Fantasy sells these days, whether it’s the cinematic successes of The Lord of the Rings trilogy and The Lion, The Witch and the Wardrobe or the eager anticipation that greets every new book and movie starring everyone’s favorite teen wizard Harry Potter.

Fantasy also serves as the theme and backdrop for Sparkle, the latest in a long line of games to be inspired by marble-shooters like Zuma and Luxor. While Sparkle isn’t as radical of a departure from the Zuma/Luxor mold as other games (Sky Patrol comes to mind), the handful of fantasy-themed twists definitely work in its favor.

In Sparkle, a darkness has fallen over Crowberry Woods (and in fantasy terms, of course, darkness refers to some vague menacing presence as opposed to something as simple as the sun going down). It’s your goal to reclaim the forest one step at a time by turning back the tide of colored orbs that wind their way around the screen. If the orbs reach the hole in the ground at the end of their journey, its game over, but by controlling a spinning rune-covered orb launcher, you can shoot orbs of your own into the chain to make at least three orbs of the same color touch, which causes them to disappear.

As the game progresses, the boards get increasingly twisty and challenging, the speed of the marching orbs increases, and additional colors are introduced to make the orb chain more complex.

While Sparkle obviously borrows heavily from past games in the genre – Zuma in particular – it does bring some fun innovations to the table:

Progress is recorded on an overhead map of Crowberry Woods, and at certain points the map branches into multiple directions so you have a choice of which area to visit next. The levels themselves are all given cool fantasy-esque names like Walk of the Unwilling, Lands of Irony, and my personal favorite: Blueberry Drain – a level consisting of a spiral canal with a blueberry-colored stain lining the bottom of it.

There are numerous power-ups in the game that function like magic spells. These appear randomly on the screen, and in order to use them you must first hit them with an orb. Some power-ups deploy instantaneously and will perform useful tasks like moving the entire chain backwards, releasing bolts of light that rain down and destroy random orbs, or launching a beam of light that destroys the orbs closest to the hole. Other power-ups you get to control yourself with the launcher, such as the joker orb which matches with any color, color powder that can be sprayed on a group of orbs to make them all the same color, and a frost beam which destroys orbs in whatever direction you aim it in.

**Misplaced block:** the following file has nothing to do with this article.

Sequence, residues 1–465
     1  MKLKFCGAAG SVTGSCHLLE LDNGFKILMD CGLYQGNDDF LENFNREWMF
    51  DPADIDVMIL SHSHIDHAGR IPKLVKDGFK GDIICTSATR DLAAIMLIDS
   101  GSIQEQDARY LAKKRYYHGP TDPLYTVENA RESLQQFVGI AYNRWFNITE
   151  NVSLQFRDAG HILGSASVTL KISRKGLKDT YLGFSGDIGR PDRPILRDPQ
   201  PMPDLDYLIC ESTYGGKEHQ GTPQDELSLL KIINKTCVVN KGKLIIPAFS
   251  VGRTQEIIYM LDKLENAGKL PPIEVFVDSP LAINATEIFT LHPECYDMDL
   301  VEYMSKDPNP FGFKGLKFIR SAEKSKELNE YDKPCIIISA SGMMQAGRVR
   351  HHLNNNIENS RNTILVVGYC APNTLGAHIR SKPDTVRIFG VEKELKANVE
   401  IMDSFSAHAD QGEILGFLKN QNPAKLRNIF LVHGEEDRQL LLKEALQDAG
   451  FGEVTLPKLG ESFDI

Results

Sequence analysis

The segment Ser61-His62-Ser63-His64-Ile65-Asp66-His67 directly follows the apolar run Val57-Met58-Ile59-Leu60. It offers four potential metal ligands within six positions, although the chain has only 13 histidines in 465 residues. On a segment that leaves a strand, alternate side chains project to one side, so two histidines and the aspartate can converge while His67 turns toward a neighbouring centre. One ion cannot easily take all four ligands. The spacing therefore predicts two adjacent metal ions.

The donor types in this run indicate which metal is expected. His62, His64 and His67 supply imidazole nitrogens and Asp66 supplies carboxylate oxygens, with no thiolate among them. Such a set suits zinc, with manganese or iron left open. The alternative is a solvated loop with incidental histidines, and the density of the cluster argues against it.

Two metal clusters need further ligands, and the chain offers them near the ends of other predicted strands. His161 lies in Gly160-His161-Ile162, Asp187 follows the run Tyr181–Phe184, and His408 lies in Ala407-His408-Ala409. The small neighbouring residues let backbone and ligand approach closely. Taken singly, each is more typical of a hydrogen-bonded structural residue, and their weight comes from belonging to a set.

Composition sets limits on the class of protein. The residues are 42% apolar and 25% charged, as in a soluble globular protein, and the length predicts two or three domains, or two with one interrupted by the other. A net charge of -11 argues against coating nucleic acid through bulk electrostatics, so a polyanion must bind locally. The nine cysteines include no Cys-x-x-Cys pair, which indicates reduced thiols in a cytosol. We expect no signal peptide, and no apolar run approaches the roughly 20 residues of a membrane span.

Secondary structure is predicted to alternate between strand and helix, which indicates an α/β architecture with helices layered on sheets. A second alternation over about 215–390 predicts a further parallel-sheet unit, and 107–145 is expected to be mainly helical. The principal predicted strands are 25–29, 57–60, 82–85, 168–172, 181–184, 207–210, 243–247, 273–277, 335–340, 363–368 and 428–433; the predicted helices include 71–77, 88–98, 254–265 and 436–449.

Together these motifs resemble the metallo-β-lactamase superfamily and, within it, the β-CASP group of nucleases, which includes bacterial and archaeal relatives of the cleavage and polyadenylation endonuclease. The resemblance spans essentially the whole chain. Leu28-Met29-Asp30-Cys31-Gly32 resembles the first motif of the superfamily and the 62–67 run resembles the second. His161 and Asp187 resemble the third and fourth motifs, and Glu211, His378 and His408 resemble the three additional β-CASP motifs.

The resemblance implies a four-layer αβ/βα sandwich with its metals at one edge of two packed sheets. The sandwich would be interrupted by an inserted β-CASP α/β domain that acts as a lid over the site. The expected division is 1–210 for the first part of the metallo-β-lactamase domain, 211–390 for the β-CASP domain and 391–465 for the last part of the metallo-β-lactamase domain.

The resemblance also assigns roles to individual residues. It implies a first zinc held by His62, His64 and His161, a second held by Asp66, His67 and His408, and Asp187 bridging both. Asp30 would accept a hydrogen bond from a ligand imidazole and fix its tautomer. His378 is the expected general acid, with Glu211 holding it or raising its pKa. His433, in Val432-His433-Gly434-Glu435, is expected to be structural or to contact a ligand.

You’ll also earn various amulets that can be worn to give yourself advantages in the game, such as a launcher that shoots orbs twice as fast as normal, power-ups that appear more frequently, and power-ups that appear closer to the launcher so they’re easier to snag. You can put on a different amulet at the start of each new level, so deciding which amulet’s powers to take advantage of in certain levels adds an additional layer of strategy to the gameplay.

In addition to the main mode, there’s also a Survival mode where you play one board for as long as you can without dying, and a Challenge mode where you choose a board and try to complete it in the shortest time while testing yourself on each of the four difficulty levels.

The makers of Sparkle clearly aren’t trying to re-invent the wheel. They stick pretty closely to the Zuma formula, and while the innovations they do bring to the table are neat, they certainly aren’t as whacky or creative as others that we’ve seen. Also, the game gives the impression of showing its hand too early – most of the power-ups show up early on in the game so that there are long stretches of levels where nothing new is introduced to keep things fresh.

Still, for marble shooter fans who need to kill time before the next Harry Potter book comes out, Sparkle is worth a look.